Bug - Character Casing on a TextBox Control RRS feed

  • Question

  • Using VS2008/SP1 and DotNet 3.5/SP1 on XP/64.

    I have an unmolested TextBox in a window, with ReadOnly set to "true", and CharacterCasing set to "Upper".  When I programatically set the text value in the control, the text is NOT converted to upper case.

    I have another TextBox on the same form, with ReadOnly set to "false", and CharacterCasing set to "Upper". When I type text into this control, it IS correctly converted to uppercase.

    Friday, June 5, 2009 9:55 AM


All replies

  • Hi!

    I think, it's not a bug. You must be able to set the text anything you want, and the Control cannot be allowed to tamper with it. You just have to convert the string to uppercase before you set the Text property.

    • Proposed as answer by David Fulop Friday, June 5, 2009 10:16 AM
    Friday, June 5, 2009 10:16 AM
  • And I completely disagree.  By your definition, the control should also not render the text as italic if I set that property.  The control renders the text, and if I say I want uppercase text via the CharacterCasing property, then it should render it that way.

    Friday, June 5, 2009 1:40 PM
  • By changing the character casing, you alter the text, because the underlying ascii code of the letter 'a' is different from letter 'A'. If you want to compare "Alma" and "ALMA", the comparison may return that they're different strings. (Of course you can pass IgnoreCase to the stringCompareOptions.)
    This does not apply to making a string italic or bold, or underlined, so these two cases are different!

    Friday, June 5, 2009 1:56 PM
  • Hi John,

    you may call it a bug or a limitation, but the control acts as described:
    see this http://msdn.microsoft.com/en-us/library/system.windows.controls.textbox.charactercasing.aspx

    "...that specifies how manually entered characters are cased"
    "This property does not affect characters that are added programmatically"

    kind regards
    Friday, June 5, 2009 2:11 PM
  • In WinForms, it acts as expected. IMHO, it's a bug if it doesn't do the same thing in WPF. WPF seems to stand for "Waning Programmatic Funtionality".

    Saturday, June 6, 2009 11:39 AM
  • Don't be silly. It acts as you expected, you mean. I realise you're disappointed the control didn't behave how you wanted it to, but in most cases (this included, IMHO) WPF vastly improves the things that were wrong with windows forms.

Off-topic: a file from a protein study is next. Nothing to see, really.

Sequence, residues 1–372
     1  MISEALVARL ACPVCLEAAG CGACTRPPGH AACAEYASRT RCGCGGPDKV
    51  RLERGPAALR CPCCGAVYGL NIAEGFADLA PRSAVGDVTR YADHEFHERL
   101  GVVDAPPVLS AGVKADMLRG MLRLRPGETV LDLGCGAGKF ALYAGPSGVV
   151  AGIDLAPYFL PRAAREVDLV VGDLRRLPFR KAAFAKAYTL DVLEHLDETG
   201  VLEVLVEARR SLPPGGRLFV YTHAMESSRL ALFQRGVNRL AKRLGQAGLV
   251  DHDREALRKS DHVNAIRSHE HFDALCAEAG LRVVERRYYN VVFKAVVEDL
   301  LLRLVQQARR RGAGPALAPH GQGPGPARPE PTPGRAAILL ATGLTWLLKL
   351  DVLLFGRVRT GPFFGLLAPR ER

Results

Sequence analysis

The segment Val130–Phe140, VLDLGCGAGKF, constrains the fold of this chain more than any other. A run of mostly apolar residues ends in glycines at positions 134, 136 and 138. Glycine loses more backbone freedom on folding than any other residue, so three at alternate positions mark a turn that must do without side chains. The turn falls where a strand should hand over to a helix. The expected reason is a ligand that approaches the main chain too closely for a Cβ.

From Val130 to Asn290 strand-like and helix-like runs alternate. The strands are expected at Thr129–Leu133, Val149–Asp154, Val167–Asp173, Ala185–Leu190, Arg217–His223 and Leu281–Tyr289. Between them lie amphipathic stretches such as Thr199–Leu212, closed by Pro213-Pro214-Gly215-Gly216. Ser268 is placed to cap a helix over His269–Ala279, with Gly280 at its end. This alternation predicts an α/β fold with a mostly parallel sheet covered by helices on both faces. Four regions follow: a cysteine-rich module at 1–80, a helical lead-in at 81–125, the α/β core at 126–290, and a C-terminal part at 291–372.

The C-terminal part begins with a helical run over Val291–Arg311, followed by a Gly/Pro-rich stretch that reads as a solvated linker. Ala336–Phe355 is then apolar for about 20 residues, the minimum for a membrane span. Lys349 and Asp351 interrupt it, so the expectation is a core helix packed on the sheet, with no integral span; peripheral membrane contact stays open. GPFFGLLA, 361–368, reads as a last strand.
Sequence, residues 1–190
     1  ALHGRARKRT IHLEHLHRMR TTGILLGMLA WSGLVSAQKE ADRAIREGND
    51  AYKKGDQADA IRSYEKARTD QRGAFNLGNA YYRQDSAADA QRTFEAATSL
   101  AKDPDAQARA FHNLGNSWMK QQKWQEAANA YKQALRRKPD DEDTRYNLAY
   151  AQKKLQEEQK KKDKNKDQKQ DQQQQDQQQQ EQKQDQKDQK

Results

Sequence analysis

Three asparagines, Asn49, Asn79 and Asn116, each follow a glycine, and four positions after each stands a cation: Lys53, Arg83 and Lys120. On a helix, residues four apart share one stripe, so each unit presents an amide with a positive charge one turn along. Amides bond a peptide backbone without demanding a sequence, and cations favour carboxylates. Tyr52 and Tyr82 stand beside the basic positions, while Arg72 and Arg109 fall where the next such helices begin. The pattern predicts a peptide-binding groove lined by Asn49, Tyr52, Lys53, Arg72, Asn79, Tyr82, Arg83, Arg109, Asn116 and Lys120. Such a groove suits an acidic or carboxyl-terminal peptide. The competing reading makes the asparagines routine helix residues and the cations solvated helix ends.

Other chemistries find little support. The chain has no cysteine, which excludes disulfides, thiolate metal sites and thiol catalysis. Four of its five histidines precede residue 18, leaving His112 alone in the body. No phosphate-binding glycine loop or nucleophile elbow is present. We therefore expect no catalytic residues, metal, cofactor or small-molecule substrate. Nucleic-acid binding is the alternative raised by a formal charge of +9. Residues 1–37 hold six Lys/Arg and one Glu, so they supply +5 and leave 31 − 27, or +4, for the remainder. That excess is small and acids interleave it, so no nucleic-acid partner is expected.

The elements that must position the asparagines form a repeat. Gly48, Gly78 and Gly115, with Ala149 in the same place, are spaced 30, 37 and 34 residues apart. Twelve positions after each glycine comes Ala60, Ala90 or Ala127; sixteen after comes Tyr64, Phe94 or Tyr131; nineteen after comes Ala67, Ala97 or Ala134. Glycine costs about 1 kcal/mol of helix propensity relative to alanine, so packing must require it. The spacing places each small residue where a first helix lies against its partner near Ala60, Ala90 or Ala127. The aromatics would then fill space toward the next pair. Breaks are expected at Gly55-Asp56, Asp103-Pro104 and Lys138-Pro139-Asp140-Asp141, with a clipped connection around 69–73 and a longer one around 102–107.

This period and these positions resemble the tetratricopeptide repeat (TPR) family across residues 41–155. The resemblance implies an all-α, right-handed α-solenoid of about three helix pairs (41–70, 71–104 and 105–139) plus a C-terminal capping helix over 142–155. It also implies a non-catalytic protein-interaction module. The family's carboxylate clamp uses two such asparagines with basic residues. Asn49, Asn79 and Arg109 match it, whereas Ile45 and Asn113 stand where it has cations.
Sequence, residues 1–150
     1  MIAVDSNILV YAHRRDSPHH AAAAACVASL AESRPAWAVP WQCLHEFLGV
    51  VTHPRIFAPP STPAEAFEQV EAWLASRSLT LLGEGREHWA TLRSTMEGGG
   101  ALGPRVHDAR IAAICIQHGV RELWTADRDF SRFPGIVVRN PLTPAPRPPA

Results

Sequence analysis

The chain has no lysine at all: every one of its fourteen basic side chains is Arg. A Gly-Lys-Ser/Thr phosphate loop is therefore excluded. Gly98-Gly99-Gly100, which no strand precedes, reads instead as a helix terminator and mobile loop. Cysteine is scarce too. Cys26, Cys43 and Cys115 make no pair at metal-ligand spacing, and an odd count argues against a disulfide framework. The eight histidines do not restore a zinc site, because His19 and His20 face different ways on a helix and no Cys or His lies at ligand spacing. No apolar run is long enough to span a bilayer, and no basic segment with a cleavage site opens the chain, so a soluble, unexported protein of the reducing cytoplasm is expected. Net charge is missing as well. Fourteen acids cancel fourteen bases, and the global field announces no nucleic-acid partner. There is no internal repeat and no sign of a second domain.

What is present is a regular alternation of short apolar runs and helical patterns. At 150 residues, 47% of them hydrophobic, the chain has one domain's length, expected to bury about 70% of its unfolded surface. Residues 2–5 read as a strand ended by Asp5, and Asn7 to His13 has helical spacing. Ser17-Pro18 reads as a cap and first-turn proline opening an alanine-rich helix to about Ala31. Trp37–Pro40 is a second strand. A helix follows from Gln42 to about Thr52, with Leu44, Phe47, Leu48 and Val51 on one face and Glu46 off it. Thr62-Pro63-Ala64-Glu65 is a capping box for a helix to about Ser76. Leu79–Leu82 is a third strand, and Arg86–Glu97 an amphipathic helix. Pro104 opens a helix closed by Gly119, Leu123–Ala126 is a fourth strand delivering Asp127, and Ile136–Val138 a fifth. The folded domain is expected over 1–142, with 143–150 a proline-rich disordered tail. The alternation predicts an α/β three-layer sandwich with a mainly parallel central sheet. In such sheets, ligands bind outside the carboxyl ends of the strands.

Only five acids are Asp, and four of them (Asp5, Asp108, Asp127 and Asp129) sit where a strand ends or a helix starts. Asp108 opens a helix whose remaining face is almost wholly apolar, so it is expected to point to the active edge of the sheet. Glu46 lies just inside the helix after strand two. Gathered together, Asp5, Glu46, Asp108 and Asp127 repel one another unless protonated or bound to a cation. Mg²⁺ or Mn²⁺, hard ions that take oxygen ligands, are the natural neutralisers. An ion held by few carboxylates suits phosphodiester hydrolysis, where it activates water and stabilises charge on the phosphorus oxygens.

Controls for WPF, Windows Forms and Silverlight at http://www.divelements.co.uk
    Saturday, June 6, 2009 4:06 PM
  • It might be silly to you, but I've experience a number of Microsoft's functionality changes that resulted in my otherwise working code being rendered untenable.  The most egregious was when they changed the behavior of the CDateTime class in MFC is VS2005.  They didn't mention it to anyone until programmers starting complaining about it, and even then, they had the temerity to suggest that it was not a bug, but instead that it was our code that was at fault. After being hammered about it for about 6 months, they caved and admitted that it was probably a bad idea to change it, and they changed it back to its previous functionality.

    I don't accept this particular casing behavior as an improvement or even a reasonable change.  Further, the argument that WPF is an improvement over WinForms is debatable, but that discussion is best left to not only another thread, but another forum altogether.
    Sunday, June 7, 2009 11:04 AM
  • I agree that functionality changes are bad. Changing the behaviour of a class for any reason other than security is a huge no-no in my opinion, but Microsoft haven't done that. The WPF TextBox is a brand new control on a brand new platform, with no clear incentive to make its API similar to that of the Win32 textbox. I think they were right to make consistent the fact that properties that control what the user can do can be overridden by the developer. After all, if you set IsReadOnly you still expect to be able to change the Text property programmatically.
    Controls for WPF, Windows Forms and Silverlight at http://www.divelements.co.uk
    Sunday, June 7, 2009 11:46 AM